'I was running for my life,' Burton tells Jobstown trial
Former Tánaiste said TD Paul Murphy 'was looking pretty happy with himself' at protest
Former Tánaiste Joan Burton felt terrified and as if she was running for her life as she fled anti-water-charges protesters who surrounded her after a graduation ceremony.
The former Labour Party leader told a court that protesters called her a "bitch" and "c***" while she and her special adviser Karen O'Connell were trapped in two Garda vehicles.
Ms Burton said she eventually escaped following a three-hour ordeal by jumping out of a Garda jeep and running up a hill to a waiting Garda car while a group of protesters chased after her. "To be honest I felt I was running for my life," she told Dublin Circuit Criminal Court.
The Dublin West TD also told prosecution counsel Sean Gillane SC she saw Solidarity TD Paul Murphy holding a megaphone and "looking pretty happy with himself" as she and Ms O'Connell were stuck inside a Garda car.
Mr Murphy (34) and six other men, including south Dublin county councillors Michael Murphy (53) and Kieran Mahon (39), have pleaded not guilty to charges of falsely imprisoning the two women at Fortunestown Road, Jobstown in Tallaght, Dublin, on November 15, 2014.
During sometimes emotional evidence, Ms Burton described being terrified, afraid, menaced and worried during the events that unfolded that day as she attended a graduation ceremony at the An Cosán further education centre in Jobstown.
Ms Burton said she saw a small group of people in the distance holding posters as she arrived at An Cosán.
After meeting graduates and organisers, Ms Burton took part in a graduation procession to the nearby Catholic church.
As she walked along near the back of the procession, a number of protesters "crowded around", including a man who put a camera phone up to her face. People were shouting "shame on you", she said.
Ms Burton said she was struck on the back of the head, first by "something like a ball" and then by "a water bomb".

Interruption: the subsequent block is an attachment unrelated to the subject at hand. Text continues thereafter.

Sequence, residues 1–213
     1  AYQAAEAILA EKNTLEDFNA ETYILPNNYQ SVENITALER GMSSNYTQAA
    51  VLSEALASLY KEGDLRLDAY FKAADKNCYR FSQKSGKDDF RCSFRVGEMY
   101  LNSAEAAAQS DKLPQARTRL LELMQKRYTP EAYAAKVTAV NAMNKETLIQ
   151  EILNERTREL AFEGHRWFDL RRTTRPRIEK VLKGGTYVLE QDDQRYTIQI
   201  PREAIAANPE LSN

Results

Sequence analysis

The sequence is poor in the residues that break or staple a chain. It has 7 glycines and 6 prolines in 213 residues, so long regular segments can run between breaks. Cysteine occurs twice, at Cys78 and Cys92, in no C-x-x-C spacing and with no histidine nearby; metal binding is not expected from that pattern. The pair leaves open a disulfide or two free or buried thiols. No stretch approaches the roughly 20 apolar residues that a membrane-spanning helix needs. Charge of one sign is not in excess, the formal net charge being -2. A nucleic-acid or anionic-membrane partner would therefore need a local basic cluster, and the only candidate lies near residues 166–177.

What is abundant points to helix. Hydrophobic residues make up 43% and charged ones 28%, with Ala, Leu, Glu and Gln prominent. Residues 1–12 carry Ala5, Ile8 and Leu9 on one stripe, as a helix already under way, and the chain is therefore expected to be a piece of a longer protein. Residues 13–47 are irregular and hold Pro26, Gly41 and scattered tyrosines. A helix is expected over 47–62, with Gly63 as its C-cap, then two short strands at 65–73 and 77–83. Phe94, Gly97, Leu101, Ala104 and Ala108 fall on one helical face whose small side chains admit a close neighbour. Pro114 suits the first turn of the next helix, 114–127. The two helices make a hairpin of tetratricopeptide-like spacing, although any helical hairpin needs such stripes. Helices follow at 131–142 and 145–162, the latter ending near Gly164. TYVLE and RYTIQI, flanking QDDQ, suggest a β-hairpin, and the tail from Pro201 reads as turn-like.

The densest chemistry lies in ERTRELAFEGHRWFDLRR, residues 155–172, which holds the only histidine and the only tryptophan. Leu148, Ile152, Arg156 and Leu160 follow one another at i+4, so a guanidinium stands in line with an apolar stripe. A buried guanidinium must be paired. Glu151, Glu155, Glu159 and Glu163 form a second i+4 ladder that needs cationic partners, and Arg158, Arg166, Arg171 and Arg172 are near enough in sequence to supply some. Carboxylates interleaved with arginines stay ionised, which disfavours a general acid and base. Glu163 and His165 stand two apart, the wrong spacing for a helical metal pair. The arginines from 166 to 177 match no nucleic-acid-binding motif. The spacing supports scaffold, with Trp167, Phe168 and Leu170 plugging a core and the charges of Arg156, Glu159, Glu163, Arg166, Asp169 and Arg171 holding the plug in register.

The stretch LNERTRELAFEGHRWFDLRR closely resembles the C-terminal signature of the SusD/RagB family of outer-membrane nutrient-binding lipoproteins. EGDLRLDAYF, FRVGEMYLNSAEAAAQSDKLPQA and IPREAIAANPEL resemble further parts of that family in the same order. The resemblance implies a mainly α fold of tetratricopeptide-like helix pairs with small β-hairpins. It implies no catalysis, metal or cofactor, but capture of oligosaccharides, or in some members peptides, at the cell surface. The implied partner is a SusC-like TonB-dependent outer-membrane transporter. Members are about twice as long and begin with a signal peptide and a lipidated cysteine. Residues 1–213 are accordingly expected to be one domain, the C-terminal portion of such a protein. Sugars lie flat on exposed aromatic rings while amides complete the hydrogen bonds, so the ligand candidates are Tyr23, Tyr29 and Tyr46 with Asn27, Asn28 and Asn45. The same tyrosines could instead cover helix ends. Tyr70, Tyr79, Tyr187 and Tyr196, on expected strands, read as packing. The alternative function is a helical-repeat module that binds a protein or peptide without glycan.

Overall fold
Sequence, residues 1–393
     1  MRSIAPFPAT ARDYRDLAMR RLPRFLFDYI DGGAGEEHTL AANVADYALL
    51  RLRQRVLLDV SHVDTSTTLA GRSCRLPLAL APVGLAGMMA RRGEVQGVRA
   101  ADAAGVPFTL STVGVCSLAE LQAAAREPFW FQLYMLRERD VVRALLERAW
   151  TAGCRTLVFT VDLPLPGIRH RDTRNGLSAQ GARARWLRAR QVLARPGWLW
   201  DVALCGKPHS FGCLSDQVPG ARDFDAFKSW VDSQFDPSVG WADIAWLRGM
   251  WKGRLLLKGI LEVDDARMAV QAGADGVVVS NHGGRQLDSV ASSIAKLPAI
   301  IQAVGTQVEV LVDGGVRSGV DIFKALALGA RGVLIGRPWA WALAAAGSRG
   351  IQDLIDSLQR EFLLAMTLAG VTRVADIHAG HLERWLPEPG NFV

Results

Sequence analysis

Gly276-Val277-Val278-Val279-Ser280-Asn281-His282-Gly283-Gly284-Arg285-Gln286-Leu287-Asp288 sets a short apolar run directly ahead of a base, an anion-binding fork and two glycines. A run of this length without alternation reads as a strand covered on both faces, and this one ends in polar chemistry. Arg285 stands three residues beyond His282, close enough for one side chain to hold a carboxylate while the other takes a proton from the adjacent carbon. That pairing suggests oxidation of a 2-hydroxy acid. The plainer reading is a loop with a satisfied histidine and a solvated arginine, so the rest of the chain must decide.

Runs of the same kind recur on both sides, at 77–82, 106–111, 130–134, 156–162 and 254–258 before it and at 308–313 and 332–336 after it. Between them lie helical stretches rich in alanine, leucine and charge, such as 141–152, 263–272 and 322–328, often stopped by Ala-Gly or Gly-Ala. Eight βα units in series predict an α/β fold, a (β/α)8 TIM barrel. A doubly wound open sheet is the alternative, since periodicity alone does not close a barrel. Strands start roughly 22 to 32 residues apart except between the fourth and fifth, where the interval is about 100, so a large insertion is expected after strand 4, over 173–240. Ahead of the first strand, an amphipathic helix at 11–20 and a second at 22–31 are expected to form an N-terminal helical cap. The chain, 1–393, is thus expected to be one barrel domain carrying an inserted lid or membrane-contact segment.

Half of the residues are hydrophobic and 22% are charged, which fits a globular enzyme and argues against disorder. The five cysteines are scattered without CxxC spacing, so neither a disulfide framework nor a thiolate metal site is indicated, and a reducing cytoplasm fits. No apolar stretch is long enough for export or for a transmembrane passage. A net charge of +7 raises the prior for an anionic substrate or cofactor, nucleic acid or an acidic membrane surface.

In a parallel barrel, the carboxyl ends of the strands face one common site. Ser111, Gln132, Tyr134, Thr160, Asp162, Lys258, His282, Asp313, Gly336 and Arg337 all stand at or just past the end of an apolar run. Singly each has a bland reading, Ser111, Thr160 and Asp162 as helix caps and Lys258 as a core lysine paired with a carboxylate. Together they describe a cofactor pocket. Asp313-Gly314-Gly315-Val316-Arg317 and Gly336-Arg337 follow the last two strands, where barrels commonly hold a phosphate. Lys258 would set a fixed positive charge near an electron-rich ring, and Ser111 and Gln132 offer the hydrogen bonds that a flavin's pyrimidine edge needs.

When they reached the church, Ms O'Connell gave her a jacket and she dried her hair as best she could before giving a speech to congratulate the graduates. By this stage, gardaí were growing concerned about the crowd gathering outside and advised her to leave straight away in an unmarked Garda car.
Ms Burton and Ms O'Connell ran out a side door and got into the back of the saloon car, but it could not drive away as it was immediately surrounded.
"There was a great deal of noise and also banging on the car," she said. "From my point of view, most worrying was that there was an awful lot of children around."
Asked by Mr Gillane what people were shouting, Ms Burton said: "People were shouting the usual stuff. Bitch and c***."
Ms Burton said one woman at the side and back of the car "was beside herself with rage" and "baying, wishing all sorts of stuff on me - illness and death".
She said Ms O'Connell was "extremely upset and started to cry".
They were stuck in the car for around an hour before being moved through a human cordon set up by gardaí to a Garda jeep. When they made it to the jeep, it too was blocked and had to move "inch by inch" out of the car park and towards the N81 Blessington Road.
Ms Burton said the shouting and derogatory name-calling continued. Eggs, bottles and other items were thrown at the vehicle and the front windscreen was "shattered". Eventually the jeep managed to pull onto the N81. Prompted by gardaí, the two women jumped out and ran to separate waiting cars. "The crowd was after us," said Ms Burton. "To be honest, I just legged it as fast as I could."
Ms Burton made it to the car and it sped away from the scene.
Her cross-examination will continue today. As well as the three politicians, four other men face charges. They are Tallaght residents Frank Donaghy (71) of Alpine Rise; Ken Purcell (50) of Kiltalown Green; Michael Banks (46) of Brookview Green; and Scott Masterson (34) of Carrigmore Drive.